It seems a thoroughly traditional amp in appearance, the Marantz PM7000N, with tone controls and everything – just the kind of product Marantz has delivered as the powerhouse for hi-fi stereo separates systems if not since Saul Marantz began soldering his first Consolette back in 1952, then at least since Marantz’s subsequent rebirth under Philips in the 1980s.
But this would be to make the schoolboy error of judging a book by its cover. Within its purposeful shell the PM7000N is not only a solid 60W-per-channel stereo amplifier, but also a network and internet streamer courtesy of HEOS, the streaming and multiroom platform belonging to Sound United, shared between Denon and Marantz, and at least partially developed here in Australia.
So the PM7000N is just as much the modern smart amplifier as those boxes which might advertise the fact of their modernity via large colour LCD screens of artwork, or by snazzy ‘all-in-one’ styling.
While this Marantz looks like a trad two-channel amp, with just a three-line OLED display to share its information, this is nevertheless also a potential ‘just-add-speakers’ solution. And the PM7000N has the advantage of delivering these modern merits within the type of amplifier design that Marantz has been perfecting for decades.
In essence, then, this is an amplifier which combines 60W per channel of amplification with a DAC for digital inputs, and a network module which delivers access to a host of music streaming services.
Its range of physical inputs is solid, if more biased towards the traditional than those of new-age hi-fi. They do not, for example, extend to HDMI ARC for TV connection, to USB-B for a computer, nor XLR for balanced connections. But you get four analogue inputs – three of them at RCA line level, and the last a moving-magnet phono stage, newly-designed with a field-effect transistor in its input stage, the high input impedance of which Marantz says simplifies the path, eliminating the need for
AC coupling capacitors.
Unusually these days, perhaps again showing the legacy effect of the company’s longterm amplifier design, the last of the analogue line-level inputs is labelled ‘Recorder’, and has an associated analogue output at a fixed level, not variable for use as a ‘pre out’.
So you can easily record from the PM7000N, more likely to a digital recorder these days than a looped-through cassette deck or reel-to-reel. It’s something which amps with only pre-outs make difficult or impossible. A subwoofer output is also provided on a single RCA socket.
On the digital side there are two optical digital inputs and one coaxial, plus a USB-A slot to which drives or sticks of files can be attached. All these, including the USB-A slot and networked access to shared files, are limited to a maximum of 24-bit 192kHz PCM, or 5.6MHz DSD. The stated DAC for this model is the Asahi-kasei AK4490EQ DAC, supply of which has been affected not by Covid but by the disastrous AKM factory fire in Japan.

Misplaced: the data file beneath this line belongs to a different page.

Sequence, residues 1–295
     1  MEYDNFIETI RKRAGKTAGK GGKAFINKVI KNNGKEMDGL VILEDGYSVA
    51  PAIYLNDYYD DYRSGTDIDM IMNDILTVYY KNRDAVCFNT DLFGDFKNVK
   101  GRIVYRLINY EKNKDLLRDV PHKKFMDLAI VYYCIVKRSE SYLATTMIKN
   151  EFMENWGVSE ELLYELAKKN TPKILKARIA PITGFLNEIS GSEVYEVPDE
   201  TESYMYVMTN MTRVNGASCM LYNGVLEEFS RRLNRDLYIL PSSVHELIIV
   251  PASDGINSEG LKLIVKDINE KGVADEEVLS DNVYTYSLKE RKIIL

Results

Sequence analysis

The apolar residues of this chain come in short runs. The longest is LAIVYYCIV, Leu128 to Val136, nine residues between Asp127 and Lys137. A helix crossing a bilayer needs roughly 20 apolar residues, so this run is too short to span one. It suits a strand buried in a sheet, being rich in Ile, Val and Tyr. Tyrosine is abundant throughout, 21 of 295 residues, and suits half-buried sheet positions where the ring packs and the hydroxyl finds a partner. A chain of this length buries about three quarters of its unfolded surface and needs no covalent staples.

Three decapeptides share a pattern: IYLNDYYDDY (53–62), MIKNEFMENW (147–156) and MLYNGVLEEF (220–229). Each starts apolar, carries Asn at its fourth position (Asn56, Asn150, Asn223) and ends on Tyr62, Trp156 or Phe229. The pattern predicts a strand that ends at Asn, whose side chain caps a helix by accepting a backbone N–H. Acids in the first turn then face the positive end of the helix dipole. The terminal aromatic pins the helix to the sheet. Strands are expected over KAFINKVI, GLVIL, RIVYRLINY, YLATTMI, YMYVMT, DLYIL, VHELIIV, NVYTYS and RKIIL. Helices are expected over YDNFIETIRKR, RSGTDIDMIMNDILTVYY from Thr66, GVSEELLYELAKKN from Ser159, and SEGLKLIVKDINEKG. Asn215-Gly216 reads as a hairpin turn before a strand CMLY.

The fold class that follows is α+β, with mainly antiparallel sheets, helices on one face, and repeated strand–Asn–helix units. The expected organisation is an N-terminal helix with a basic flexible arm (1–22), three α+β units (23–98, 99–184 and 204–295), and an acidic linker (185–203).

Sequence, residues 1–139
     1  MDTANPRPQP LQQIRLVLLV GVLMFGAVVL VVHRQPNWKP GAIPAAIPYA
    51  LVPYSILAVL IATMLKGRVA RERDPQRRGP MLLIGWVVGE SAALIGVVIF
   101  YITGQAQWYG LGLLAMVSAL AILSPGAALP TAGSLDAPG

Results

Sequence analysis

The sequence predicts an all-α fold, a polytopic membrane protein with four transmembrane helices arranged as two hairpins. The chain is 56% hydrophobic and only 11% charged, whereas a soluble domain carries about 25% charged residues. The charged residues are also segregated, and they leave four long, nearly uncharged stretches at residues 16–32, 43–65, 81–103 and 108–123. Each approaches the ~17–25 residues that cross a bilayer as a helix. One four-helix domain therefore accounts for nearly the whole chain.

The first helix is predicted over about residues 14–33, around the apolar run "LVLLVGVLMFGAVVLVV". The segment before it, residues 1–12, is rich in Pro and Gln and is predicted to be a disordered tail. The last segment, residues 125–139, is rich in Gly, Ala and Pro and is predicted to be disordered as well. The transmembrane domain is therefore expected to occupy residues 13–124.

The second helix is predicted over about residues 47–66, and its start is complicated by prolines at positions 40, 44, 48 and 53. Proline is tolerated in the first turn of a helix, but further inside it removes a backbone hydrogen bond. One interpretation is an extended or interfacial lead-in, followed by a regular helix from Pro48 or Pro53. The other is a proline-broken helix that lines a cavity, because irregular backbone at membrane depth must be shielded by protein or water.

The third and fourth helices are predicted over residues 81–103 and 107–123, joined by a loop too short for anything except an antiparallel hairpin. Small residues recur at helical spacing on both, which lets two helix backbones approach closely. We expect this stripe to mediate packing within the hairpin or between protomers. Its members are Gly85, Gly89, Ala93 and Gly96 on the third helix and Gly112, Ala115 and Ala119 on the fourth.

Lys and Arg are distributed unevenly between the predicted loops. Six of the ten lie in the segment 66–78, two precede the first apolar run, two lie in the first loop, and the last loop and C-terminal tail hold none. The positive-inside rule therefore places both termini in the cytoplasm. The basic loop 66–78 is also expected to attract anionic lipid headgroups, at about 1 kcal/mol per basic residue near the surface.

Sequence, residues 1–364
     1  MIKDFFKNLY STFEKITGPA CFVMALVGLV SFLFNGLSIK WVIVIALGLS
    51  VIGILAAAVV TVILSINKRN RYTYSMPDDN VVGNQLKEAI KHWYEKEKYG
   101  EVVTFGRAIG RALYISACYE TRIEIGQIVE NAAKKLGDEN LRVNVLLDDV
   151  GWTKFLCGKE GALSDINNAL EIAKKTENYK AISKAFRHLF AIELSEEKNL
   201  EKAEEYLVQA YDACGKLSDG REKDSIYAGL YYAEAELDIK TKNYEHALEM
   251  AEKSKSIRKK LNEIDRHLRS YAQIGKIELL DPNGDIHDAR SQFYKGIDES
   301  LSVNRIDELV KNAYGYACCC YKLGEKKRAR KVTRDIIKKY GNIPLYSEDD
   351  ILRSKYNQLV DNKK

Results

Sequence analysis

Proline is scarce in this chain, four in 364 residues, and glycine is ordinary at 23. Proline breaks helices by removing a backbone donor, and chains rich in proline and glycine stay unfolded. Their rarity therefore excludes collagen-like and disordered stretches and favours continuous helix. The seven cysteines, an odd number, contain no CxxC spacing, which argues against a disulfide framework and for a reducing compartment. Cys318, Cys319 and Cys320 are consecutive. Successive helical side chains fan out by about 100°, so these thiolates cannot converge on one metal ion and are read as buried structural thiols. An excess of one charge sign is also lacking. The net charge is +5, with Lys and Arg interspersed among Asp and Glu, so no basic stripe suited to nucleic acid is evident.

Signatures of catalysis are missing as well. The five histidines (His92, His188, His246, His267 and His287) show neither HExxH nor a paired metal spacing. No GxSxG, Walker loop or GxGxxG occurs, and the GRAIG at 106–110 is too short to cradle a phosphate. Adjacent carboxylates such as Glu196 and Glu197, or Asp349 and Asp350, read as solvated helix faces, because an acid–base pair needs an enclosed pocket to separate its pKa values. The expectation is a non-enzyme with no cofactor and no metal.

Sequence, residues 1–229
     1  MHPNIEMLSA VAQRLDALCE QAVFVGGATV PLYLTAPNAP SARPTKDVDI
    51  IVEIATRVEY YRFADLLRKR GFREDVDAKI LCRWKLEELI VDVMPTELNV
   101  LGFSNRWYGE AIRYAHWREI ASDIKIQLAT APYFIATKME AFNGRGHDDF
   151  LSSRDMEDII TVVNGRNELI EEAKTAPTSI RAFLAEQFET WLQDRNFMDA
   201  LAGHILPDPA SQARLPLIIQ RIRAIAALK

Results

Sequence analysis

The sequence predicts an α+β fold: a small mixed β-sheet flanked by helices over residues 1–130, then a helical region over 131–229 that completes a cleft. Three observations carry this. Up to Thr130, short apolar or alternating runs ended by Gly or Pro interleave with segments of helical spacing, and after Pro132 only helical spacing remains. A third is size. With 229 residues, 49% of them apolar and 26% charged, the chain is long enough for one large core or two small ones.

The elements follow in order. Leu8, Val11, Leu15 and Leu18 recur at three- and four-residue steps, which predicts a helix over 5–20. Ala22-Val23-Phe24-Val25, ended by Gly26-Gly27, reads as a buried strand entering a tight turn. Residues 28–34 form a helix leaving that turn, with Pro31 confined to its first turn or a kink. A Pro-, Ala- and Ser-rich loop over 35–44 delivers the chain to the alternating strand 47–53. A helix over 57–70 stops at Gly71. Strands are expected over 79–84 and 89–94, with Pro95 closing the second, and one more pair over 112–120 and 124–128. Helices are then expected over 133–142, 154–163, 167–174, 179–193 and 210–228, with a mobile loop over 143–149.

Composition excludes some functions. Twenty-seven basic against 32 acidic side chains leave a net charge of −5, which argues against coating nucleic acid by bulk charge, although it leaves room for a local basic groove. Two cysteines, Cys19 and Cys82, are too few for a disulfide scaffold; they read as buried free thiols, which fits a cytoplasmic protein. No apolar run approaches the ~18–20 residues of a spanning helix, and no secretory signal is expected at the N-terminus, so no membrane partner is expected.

Consequently, Sound United locally has told us, “newer units rolling out of the factory now have a similar-spec DAC chipset with the same performance. No matter which DAC is used in the end, the sound master will go through rigorous sound tuning processes using premium components to achieve that signature sound that Marantz is known for.”
That’s a reasonable position, and certainly there’s more to sound than just the DAC, though the DAC equally certainly does make a difference. As it happens, this amplifier’s performance from analogue inputs made it clear that it’s the amplifier’s fundamentals which are the star turn here anyway, not the digital performance and DAC. Hence the change of DAC may even improve things.
The last digital input is Bluetooth streaming. This is limited to the SBC codec, with neither AAC support for Apple device users nor anything up the aptX chain for those with Android devices which support it. But once the PM7000N is networked, you’ll have workarounds for that. Android users can use the HEOS app to play music from their own device, or use a third-party UPnP-enabled app (like mConnect) to stream high-res files. Apple users have AirPlay 2 for direct streaming, which is far superior to Bluetooth.
The HEOS app also opens up access to Spotify (paid or free, controlled via the Spotify app), and to paid access from Tidal, Amazon Music and Deezer, and free music from Soundcloud, TuneIn internet radio, and iHeartRadio. The operation within the HEOS app is generally relatively primitive compared with the native apps – Tidal, for example, is navigated by folders rather than screens of album-art tiles – but this implementation has the advantage that the music flows direct from the internet to the Marantz, with your device merely controlling the music choice.
The alternative is to use the native Tidal app on your device, then throw the result to the Marantz by selecting it as Tidal’s output path. It doesn’t appear under the initial list of Chromecast devices, but can be accessed under ‘AirPlay & Bluetooth’ devices; again Apple device owners have the quality of AirPlay while Android users are stuck with only SBC Bluetooth, so would take a significant quality hit via this path.
When we tried A-B listening to Tidal via HEOS versus Tidal via AirPlay 2 from an iPad Pro, there was very little indeed to pick between the streams – perhaps a fraction more detail and bass definition to the HEOS stream, but marginal. There’s no MQA onboard the Marantz to enable Tidal Masters streaming with their purported high resolution, otherwise the direct stream would have that advantage over the AirPlay path.
The absence of Qobuz support actually leaves HEOS without a high-res streaming service option other than Amazon HD, which isn’t available in Australia, or again via the workaround of third-party UPnP apps. But there are indications that other services will be accommodated in future. The Marantz is certainly high-res capable to 24-bit/192kHz via digital inputs and network streaming.
We gave the PM7000N an Ethernet connection to our network (dual-band Wi-Fi is also available), and it pretty much set itself up, downloading a software update, installing it and then pronouncing itself ready to play. This delightfully easy set-up compensated for the previous hour we’d spent trying to work out how to remove the plastic bungs from the amp’s magnificently robust speaker connections, Marantz’s premium SPKT-1+ design (see below).
These are dense brass terminals with silver plating and hard plastic shielding, through which a hole allows clean connection of bare wires, while the terminals also accept spades. If, like us, you have banana plugs on your speaker cables, you’ll find their entrance blocked not by mere caps that can be prized off, but by long plastic inserts sitting relatively deep inside the terminal.